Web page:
Twenty years ago, tourism was much more of a fly-by-the seat-of-your-pants industry. Today’s tourism professional is very different from his or her counterparts of decades past. Not only does the tourism professional have access to a much greater variety of data, but also city and state governments are slowly coming to realize that tourism must be nourished if it is to grow. This growth has come to be known as sustainable tourism. Due to both academic research and publications such as eTurboNews tourism leaders now know that sustainability happens when a community is best at being itself and respecting its own sense of beauty. One way to create the basis for a sustainable tourism program is by being green and beautifying a locale. No one likes visiting a place whose streets are psychologically cold, a place that lacks both inner and outer beauty. In tourism being “green” is not only what a tourism location does on the outside but also about what a city accomplishes on its inside, discovering what is its inner essence then promoting it.
Today’s tourism professionals seek to create sustainable tourism by:
Checking for ways to create enchantment. Enchantment means working with specialists in such areas as lighting, landscaping, color coordination, exterior and interior decorations, street appearances and city themes, parking lots and internal transportation service. Utilitarian devices, such as the San Francisco trolley cars, can be vehicles of enchantment if they enhance the environment and add something special to a particular place.
Coordinating festivals and other events with the ambiance of the place. Festivals often do best when they are integrated within the community rather than taking place outside of town. In-town festivals that are part of the community’s genre not only add to the charm but also can be a boom to local businesses rather than a reason for money to leak out of the community.
Creating a safe and secure atmosphere.To create such an atmosphere local security professionals must be part of the planning from the beginning. Tourism security is more than merely having police or security professionals hanging around a site. Tourism security requires psychological and sociological analysis; the use of hardware, interesting and unique uniforms, and careful planning that integrates the security professional into the enchantment experience. Enchantment oriented communities realize that everyone in the community has a part to play in creating a positive tourism experience and one that creates a unique and special environment not only for the visitor but also for those who live in the community.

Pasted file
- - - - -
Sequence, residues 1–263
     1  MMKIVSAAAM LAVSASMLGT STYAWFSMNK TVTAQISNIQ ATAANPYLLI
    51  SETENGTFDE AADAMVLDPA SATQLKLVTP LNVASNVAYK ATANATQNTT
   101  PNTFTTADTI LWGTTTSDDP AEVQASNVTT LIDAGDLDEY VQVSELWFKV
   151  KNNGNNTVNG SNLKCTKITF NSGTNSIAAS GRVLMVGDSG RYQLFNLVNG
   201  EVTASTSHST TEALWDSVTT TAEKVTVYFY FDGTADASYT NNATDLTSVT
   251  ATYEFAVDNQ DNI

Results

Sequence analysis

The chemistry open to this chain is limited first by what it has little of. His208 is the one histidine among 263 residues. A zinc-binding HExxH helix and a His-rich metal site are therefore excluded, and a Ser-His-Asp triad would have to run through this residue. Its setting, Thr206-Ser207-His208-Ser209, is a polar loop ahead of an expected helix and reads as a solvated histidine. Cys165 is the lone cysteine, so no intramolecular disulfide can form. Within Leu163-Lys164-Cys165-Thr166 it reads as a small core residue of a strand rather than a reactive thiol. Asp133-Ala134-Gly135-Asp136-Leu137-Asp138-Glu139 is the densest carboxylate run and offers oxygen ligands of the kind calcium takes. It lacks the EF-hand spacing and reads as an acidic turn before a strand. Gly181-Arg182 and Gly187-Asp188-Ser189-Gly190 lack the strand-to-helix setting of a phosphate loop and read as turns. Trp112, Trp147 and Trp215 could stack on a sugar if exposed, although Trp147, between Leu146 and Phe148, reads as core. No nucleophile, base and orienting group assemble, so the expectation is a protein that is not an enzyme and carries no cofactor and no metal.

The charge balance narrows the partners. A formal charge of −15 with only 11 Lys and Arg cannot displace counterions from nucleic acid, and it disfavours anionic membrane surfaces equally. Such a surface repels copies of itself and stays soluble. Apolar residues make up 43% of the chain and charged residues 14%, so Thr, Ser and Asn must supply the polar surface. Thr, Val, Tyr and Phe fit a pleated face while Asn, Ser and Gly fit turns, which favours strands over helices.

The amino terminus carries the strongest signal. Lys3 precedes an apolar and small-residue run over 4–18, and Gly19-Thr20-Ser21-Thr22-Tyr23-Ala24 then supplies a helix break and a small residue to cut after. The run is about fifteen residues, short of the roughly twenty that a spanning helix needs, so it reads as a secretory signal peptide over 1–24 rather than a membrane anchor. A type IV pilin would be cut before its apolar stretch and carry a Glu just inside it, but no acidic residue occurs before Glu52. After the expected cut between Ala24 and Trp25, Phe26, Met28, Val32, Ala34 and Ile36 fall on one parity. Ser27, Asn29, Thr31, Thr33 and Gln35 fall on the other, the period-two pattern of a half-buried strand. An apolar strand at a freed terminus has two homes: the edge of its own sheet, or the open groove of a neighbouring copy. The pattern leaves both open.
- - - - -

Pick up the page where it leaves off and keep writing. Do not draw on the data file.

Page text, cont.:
Tourists and visitors appreciate the opportunity to see more than the major sites, they also want to see the real locale, its city or landscapes, its gardens and its parks. America is rich in these “other attractions”. Tourism is not only about visiting New York but also understanding what a farm is like in Iowa or experiencing New England village life. America’s tourism leaders are beginning to understand that visitors seek to go beyond a place’s outer shell to the potential of a community’s soul. There is no community in the United States from Las Vegas’ casinos to Charleston South Carolina’s mansions, from the oilfields of Texas to Hawaii’s beaches that does not have a story to tell.
Twenty years is a long time in the life of a very young industry. It is an industry that comprises restaurants and hotels, cruises and skiing, museums and Broadway shows, casinos, and both private and public transportation. American tourism is a secular pilgrimage to Washington, DC and hiking along the Appalachian trail. This diverse land offers the Grand Canyon and the enchantment of New Mexico’s Sandia’s Mountains, the sophistication of Boston and the frontier life of Alaska. Over these last twenty years people from around the world have come to American and come to appreciate this nation’s tourism diversity. Yes these last twenty years have been ones that have challenged tourism for reasons of security and economic ups and downs, and through twelve years of it, eTurbo has been there for tourism professionals and industry leaders. Happy birthday, eTurboNews! May you go from strength to even greater strength.
Dr. Peter E. Tarlow is a regular contributor to eTurboNews and can be reached at firstname.lastname@example.org